Coppertone revolutionized the bronzing business with the launch of its Quick Tan, commonly known as QT, in 1960. Formulated with dihydroxyacetone (DHA), a compound found in sugar beets that was first used as a treatment for people who had lost their skin pigment, QT reacted with the amino acids on the top layer of the skin, turning it a lovely shade of orangey brown in three to five hours.
Photo: Advertising Archive / Everett Collection
Sunless tanning got its other big boost in 1978. An entire generation was turning to vegetable shortening, baby oil, and kitchen foil to achieve the darkest tan possible in the summer months, but getting that coveted Bo Derek in 10 glow in the dead of winter still eluded anyone without access to a tropical retreat. Enter German scientist Friedrich Wolff—a.k.a. the “father of indoor tanning”—who stumbled upon the invention of the modern-day sun bed while testing the effects of ultraviolet light on athletes. His subjects’ endurance and ability didn’t improve drastically after fake baking sessions; the sportsmen did, however, come away with suspiciously uniform tans.
Photo: Warner Bros. / The Kobal Collection
The ABCs of SPF
Bronzed glamazons persisted into the eighties, with the beach-ready bodies of Elle Macpherson, Kathy Ireland, and Christie Brinkley (left) gracing the covers of many a glossy. But decades of careless sun worship by an unknowing public had taken their toll: Increased rates of skin cancer were being linked back to tanning. Under the Carter administration, the FDA developed the first regulations on SPF ratings, a system that indicates a sunscreen’s effectiveness at blocking out UVB rays. A rebuff to those who claim Carter didn’t achieve anything during his presidency, those rules remain in place today.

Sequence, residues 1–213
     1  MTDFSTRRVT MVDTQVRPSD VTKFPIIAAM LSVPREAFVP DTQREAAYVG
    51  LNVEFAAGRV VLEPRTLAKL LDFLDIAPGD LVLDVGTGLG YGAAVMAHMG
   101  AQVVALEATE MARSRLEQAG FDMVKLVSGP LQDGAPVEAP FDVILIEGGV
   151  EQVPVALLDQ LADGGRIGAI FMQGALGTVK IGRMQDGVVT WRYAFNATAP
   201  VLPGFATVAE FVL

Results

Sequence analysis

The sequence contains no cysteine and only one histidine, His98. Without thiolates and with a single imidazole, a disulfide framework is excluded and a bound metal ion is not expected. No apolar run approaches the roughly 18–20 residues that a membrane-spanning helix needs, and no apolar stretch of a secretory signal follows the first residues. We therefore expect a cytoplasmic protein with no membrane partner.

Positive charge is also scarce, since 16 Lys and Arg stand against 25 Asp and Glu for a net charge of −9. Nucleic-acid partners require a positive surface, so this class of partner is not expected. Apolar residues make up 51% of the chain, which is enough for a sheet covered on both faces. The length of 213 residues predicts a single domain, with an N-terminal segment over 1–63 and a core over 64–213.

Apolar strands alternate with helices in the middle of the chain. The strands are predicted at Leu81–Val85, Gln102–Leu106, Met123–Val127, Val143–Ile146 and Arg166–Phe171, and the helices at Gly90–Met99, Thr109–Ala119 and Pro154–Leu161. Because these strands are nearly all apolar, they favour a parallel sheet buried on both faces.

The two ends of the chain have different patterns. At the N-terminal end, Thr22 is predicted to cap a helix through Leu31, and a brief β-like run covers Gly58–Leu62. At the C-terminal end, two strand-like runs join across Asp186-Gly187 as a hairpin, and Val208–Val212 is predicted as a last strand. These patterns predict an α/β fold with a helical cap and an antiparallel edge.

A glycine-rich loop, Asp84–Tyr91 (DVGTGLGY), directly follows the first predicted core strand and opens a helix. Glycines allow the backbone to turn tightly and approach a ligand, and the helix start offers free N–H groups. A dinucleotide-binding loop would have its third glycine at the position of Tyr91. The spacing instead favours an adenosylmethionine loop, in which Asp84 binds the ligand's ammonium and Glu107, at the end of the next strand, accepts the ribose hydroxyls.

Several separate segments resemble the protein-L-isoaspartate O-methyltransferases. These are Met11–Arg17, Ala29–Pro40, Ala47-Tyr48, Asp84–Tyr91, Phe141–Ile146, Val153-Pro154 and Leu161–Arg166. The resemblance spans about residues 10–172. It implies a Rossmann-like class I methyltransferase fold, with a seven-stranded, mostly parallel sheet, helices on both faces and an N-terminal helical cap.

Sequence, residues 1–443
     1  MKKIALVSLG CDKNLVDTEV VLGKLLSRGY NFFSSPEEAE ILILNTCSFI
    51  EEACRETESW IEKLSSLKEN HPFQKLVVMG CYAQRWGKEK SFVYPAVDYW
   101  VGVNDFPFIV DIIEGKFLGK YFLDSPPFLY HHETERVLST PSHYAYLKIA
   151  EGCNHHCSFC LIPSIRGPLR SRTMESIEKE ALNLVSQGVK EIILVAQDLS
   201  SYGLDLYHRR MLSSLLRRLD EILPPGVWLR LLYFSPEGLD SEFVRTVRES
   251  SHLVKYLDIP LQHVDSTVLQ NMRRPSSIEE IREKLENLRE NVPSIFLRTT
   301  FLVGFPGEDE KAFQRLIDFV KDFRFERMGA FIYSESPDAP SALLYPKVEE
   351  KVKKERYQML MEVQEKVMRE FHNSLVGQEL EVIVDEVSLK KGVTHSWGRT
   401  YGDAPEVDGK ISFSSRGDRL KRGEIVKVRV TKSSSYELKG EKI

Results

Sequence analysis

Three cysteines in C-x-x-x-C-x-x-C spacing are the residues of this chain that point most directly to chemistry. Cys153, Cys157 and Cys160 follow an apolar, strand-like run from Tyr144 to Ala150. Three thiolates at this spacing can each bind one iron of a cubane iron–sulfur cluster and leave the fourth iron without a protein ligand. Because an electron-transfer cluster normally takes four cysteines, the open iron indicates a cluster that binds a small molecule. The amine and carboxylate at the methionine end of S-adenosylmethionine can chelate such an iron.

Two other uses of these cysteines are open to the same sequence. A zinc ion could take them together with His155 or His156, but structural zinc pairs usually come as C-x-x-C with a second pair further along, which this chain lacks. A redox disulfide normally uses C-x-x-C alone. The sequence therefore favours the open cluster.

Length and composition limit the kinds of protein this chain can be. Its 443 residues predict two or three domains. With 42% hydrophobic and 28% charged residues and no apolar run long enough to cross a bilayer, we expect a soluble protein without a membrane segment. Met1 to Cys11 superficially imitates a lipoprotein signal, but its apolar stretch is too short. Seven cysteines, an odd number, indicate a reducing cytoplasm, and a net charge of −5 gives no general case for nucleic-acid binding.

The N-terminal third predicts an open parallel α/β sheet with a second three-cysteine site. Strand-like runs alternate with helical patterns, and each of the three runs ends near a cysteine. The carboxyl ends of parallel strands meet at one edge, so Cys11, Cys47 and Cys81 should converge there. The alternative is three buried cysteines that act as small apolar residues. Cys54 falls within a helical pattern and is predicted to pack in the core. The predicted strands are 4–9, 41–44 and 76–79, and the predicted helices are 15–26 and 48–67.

Photo: Warner Bros. / Getty Images
The first SPF 15 was introduced in 1986, a year after the American Academy of Dermatology became the first medical society to warn the public about the dangers of overexposure to the sun. SPF 30 didn’t come around until the nineties, when the issue of photoaging and photo damage—that is, wrinkles caused by deep-penetrating UVA rays—began receiving attention. In other words, it was hip to be pale once again, as demonstrated by this Arthur Elgort shot of a alabaster-skinned Karen Elson.